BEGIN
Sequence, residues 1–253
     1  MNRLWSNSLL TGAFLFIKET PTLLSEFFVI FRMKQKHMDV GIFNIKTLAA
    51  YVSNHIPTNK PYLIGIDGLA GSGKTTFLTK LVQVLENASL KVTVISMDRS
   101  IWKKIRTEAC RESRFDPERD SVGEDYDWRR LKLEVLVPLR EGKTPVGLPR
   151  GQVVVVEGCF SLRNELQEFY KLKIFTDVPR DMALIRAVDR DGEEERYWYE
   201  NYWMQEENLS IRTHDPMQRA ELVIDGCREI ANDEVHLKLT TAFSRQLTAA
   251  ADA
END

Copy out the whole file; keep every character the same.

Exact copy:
Sequence, residues 1–253
     1  MNRLWSNSLL TGAFLFIKET PTLLSEFFVI FRMKQKHMDV GIFNIKTLAA
    51  YVSNHIPTNK PYLIGIDGLA GSGKTTFLTK LVQVLENASL KVTVISMDRS
   101  IWKKIRTEAC RESRFDPERD SVGEDYDWRR LKLEVLVPLR EGKTPVGLPR
   151  GQVVVVEGCF SLRNELQEFY KLKIFTDVPR DMALIRAVDR DGEEERYWYE
   201  NYWMQEENLS IRTHDPMQRA ELVIDGCREI ANDEVHLKLT TAFSRQLTAA
   251  ADA